[E. A. Mathis, “Kaiser’s Former Housemaid Arrested; Charge Her With Murder Of Three Husbands,” syndicated (UP), The Pittsburgh Press (Pa.), Oct. 5, 1924, Additional Classified Section, p. 3]


FULL TEXT (translated from German): The Berlin criminal police yesterday arrested the 55-year-old widow Marie Krüger of Hammer in the district of Osternberg, on the basis of month-long research by one of their most diligent detectives, the well-known Berlin criminal commissaire Trettin.

~ Faked suicide and burning. ~

On September 18 last year, the 73-year-old farmer Louis Kruger was found dead in his living room with his throat cut. The suicide was discovered by his wife, who came running into the room. At the same time the smoke came from the kitchen, which was aflame like a house of burning twigs.

As it was rumored in the neighborhood that the suicide was merely fictitious and that Mrs. Krüger had killed her husband, the wife was arrested. She asserted that her husband had committed suicide in a fitful derangement, and at the same time decided to set the house on fire. Since there was no evidence against her, she was released.

But as the rumors spread without cease and the Berlin prosecutor was overwhelmed with anonymous letters from the neighborhood of Mrs. Kruger, she entrusted the Criminal Commissioner Trettin with the investigation of the case.

He and Professor Strauch, who had autopsied the corpse, reconstructed the entire incident at the scene and found thereby that Mrs. Kruger's claims could not be based on truth.

Frau Kruger had stated that her husband had either cut his throat first and then lit the fire or vice versa.

The reconstruction of the facts revealed that Krüger could not possibly reach the brushwood piles [kindling] with his throat cut. The fact that he did not light the fire himself is also apparent from the autopsy, because in Kruger’s lungs traces of smoke were found.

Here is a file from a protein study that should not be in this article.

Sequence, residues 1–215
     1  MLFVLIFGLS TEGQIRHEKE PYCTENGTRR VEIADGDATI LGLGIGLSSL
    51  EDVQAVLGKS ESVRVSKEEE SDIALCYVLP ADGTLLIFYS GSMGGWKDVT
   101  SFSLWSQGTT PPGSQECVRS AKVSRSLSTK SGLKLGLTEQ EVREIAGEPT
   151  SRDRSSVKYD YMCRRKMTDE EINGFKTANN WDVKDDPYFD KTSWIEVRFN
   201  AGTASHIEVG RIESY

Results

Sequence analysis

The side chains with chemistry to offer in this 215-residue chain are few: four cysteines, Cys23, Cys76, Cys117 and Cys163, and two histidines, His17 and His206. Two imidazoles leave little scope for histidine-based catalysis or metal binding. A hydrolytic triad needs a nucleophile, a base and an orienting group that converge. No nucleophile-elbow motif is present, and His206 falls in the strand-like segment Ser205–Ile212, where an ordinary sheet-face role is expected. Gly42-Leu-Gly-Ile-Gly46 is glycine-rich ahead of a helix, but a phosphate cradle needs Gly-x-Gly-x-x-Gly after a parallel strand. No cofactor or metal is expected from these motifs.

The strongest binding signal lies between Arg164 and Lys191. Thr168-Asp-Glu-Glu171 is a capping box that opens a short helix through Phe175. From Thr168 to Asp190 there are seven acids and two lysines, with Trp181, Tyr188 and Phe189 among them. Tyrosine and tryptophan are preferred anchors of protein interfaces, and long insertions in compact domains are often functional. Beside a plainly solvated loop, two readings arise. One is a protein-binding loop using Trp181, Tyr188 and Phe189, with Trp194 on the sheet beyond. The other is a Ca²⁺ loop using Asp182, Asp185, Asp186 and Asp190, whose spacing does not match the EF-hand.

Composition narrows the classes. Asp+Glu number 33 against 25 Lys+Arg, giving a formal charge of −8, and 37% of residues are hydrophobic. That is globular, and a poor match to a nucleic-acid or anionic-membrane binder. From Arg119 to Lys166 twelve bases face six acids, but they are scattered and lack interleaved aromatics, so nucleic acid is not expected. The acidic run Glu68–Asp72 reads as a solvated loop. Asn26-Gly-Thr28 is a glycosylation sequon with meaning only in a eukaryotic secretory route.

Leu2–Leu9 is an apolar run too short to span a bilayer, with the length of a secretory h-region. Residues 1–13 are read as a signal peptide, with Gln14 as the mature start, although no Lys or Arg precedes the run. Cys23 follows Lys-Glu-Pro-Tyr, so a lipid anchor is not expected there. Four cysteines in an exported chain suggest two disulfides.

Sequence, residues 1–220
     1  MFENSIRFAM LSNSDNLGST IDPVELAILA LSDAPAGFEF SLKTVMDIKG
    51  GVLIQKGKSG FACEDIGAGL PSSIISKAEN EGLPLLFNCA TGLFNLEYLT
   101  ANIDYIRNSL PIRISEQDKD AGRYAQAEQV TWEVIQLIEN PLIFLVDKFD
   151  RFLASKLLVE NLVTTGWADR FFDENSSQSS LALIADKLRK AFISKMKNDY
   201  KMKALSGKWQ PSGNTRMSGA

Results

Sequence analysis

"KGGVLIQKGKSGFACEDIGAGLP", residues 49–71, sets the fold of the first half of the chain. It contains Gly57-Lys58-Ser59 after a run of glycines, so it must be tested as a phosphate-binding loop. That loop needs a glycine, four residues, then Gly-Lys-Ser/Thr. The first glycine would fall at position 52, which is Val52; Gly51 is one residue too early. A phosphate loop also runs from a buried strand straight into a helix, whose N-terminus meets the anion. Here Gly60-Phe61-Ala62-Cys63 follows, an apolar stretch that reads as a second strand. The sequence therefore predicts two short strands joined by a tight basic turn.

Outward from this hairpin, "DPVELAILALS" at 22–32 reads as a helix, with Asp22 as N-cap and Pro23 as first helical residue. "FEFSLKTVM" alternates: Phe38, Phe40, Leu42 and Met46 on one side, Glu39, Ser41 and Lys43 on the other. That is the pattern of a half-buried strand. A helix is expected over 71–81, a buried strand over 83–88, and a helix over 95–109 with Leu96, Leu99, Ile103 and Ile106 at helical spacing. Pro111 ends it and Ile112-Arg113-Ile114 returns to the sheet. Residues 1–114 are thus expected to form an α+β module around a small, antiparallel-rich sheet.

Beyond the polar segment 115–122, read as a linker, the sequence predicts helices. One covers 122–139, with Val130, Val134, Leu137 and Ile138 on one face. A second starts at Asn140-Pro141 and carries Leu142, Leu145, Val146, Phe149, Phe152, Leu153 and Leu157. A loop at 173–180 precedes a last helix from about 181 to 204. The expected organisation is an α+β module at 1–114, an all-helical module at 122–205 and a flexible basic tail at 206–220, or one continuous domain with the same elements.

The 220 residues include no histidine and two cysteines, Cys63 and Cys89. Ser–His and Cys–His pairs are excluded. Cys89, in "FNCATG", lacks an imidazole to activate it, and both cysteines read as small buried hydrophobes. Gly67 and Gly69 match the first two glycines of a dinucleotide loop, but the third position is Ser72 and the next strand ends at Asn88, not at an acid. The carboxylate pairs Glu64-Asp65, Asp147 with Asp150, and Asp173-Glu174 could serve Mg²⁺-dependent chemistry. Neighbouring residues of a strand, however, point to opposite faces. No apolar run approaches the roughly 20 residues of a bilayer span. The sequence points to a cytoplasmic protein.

When she was given the opportunity Frau Kruger eventually admitted watching her husband's suicide. That she murdered him she stubbornly denied. In addition to the facts, however, the circumstances speak against her: that she has found out a will, that she is the sole heir and that she answered marriage advertisements quite a long while following her husband's death, and only those of very old age.

~ Brothel hostess, hotel owner and wife of her foster father. ~

The investigations into the past life of Mrs. Krüger brought to light very interesting material: she had been at the age of 25 brothel hostess in Hamburg and had soon after bought a hotel with sixty rooms. Later, when her foster mother died, she returned to her foster father, whom she also married.

However, one year after the marriage, her foster father died.

Even then it was rumored that the much older man had not died of natural causes.

~ She becomes Mrs. Zippel. ~

For three years she remained single and married then for the second time. Her husband became the 72-year-old farmer Zippel.

He also died five months after the wedding, allegedly of colon cancer.

Zippel, like her first husband, had made her sole heir.

Since it was rumored here too that her husband's death was not on the up and up, the widow Zippel retired to the Kölschen hamlet, where she bought a villa and lived alone for two years. After two years she married the 73-year-old farmer Louis Krüger, whose mysterious death has now exposed her earlier crimes.

[“Marie Krüger, the female Landru. She killed her men for inheritance.” (Marie Krüger, der weibliche Landru. Sie hat ihre Männer umgebracht, um sie zu beerben.) Der Tag (Vienna, Austria), 26. August 1924, p. 5]


FULL TEXT (translated from German): About the already briefly reported criminal case, we receive detailed communications from Berlin, in which horrible details about the crimes of the widow Kruger are revealed. Just as Landru, the French Bluebeard, attracted women, married them, and then murdered them, so too did Mrs. Krueger, with satanic treachery, be able to seduce old men whom she only followed to the altar of marriage once had she was appointed heiress. Each of her husbands died after a short time; they were in one way or another criminally eliminated by the wife. All circumstances indicate that the threefold widow wanted to increase her fortune by a new marriage and a new murder. Her arrest has put an end to this criminal activity.